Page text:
ERCP

ERCP

 

What is ERCP?

Your doctor has recommended that you have a medical procedure called an ERCP. ERCP is short for… Endoscopic Retrograde Cholangio Pancreatography. Endoscopic refers to the use of an instrument called an endoscope - a thin, flexible tube with a tiny video camera and light on the end. The endoscope is used by a highly trained subspecialist, the gastroenterologist, to diagnose and treat various problems of the GI tract. The GI tract includes the stomach, intestine, and other parts of the body that are connected to the intestine, such as the liver, pancreas, and gallbladder.

 

What preparation is required?

Prior to having ERCP, there are a number of things you will need to remember:

  • First, don’t eat or drink anything for at least six hours beforehand or after midnight if your ERCP is scheduled for first thing in the morning.

  • Be sure to tell your doctor all the medication you are taking, including aspirin, aspirin-containing drugs, or blood thinners.

  • Identify any allergies or any reactions you have had to drugs, particularly antibiotics or pain medications.

  • Follow all of your doctor’s instructions regarding preparation for the procedure.

ERCP can be done either as an outpatient procedure or may require hospitalization, depending on the individual case. Your doctor will explain the procedure and its benefits and risks, and you will be asked to sign an informed consent form. This form verifies that you agree to have the procedure and understand what’s involved.

 

What can I expect during ERCP?

Everything will be done to ensure your comfort. Your blood pressure, pulse, and the oxygen level in your blood will be carefully monitored. A sedative will be given through a vein in your arm. You will feel drowsy, but will remain awake and able to cooperate during the procedure.

Although general anesthesia is usually not required, you may have the back of your throat sprayed with a local anesthetic to minimize discomfort as the endoscope is passed down your throat into your esophagus (the swallowing tube), and through the stomach into your duodenum.

The doctor will use it to inspect the lining of your stomach and duodenum. You should not feel any pain, but you may have a sense of fullness, since air may be introduced to help advance the scope.

 

What are the Possible Complications from an ERCP?

Thanks to ERCP, these kinds of procedures may help you avoid surgery. Depending on the individual and the types of procedures performed, ERCP does have a five to ten percent risk of complications. In rare cases, severe complications may require prolonged hospitalization.

Mild to severe inflammation of the pancreas is the most common complication and may require hospital care, even surgery. Bleeding can occur when the papilla has to be opened to remove stones or put in stents. This bleeding usually stops on its own, but occasionally, transfusion may be required or the bleeding may be directly controlled with endoscopic therapy.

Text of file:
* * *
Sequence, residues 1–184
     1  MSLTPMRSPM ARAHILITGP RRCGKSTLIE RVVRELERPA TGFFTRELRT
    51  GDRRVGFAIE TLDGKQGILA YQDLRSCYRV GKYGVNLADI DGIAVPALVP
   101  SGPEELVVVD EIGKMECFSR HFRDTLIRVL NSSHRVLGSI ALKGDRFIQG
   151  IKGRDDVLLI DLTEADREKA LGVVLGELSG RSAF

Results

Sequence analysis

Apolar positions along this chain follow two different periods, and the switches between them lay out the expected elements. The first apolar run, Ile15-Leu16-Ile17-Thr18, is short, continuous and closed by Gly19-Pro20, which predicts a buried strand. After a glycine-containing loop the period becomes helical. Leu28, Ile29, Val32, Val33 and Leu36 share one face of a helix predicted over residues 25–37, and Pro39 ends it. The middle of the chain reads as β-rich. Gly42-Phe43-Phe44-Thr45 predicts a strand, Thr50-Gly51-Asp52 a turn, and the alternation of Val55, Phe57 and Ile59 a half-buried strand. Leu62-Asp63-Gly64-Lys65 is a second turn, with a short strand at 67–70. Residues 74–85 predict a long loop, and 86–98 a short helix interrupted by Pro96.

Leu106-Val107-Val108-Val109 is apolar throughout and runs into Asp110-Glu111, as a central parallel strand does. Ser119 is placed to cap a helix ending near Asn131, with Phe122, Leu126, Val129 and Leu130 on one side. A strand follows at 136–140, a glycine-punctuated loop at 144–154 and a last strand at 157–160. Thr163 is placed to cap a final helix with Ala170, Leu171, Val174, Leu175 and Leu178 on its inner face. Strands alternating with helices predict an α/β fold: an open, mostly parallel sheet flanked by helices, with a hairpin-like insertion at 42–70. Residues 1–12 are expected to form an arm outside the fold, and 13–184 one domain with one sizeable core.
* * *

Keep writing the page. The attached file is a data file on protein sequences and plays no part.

A puncture or perforation of the bowel wall or bile duct is a rare problem that can occur with therapeutic ERCP. Infection can also result, especially if the bile duct is blocked and bile cannot drain. Treatment for infection requires antibiotics and restoring drainage. Finally, reactions may occur to any of the medications used during ERCP, but fortunately these are usually minor.

Be sure to discuss any specific concerns you may have about the procedure with your doctor.

 

What can i expect after ERCP?

When your ERCP is completed, you will need to remain under observation until your doctor has decided you can return home. Sometimes, admission to the hospital is necessary.

When you do go home, be sure you have arranged for someone to drive you, since you’re likely to be sleepy from the sedative you received. This means, too, that you should avoid operating machinery for a day, and not drink any alcohol.

Your doctor will tell you when you can take fluids and meals. Usually, it is within a few hours after the procedure.

Because of the air used during ERCP, you may continue to feel full and pass gas for a while, and it is not unusual to have soft stool or other brief changes in bowel habits. However, if you notice bleeding from your rectum or black, tarry stools, call your doctor.

You should also report vomiting, severe abdominal pain, weakness or dizziness, and fever over 100 degrees. Fortunately, these problems are not common.

ERCP is an effective and useful procedure for evaluating or treating a number of different problems of the GI tract.

 

Important Note:

You should also make sure you follow your doctor's preparation instructions carefully.

 

OUR SPECIALISTS

DR. RAVINDRAN KUMERAN

MBBS, MSC (LON), DNB, FRCS (Ed (G.I.SURG), FRCS (GLASG)
Sr. Consultant Surgical Gastroenterologist, Laproscopy
& Obesity Specialist
 

DR. ANAND

MBBS, MD (Internal Medicine), DM (Medical Gastroenterology),
Consultant Medical Gastroentrologist

Team

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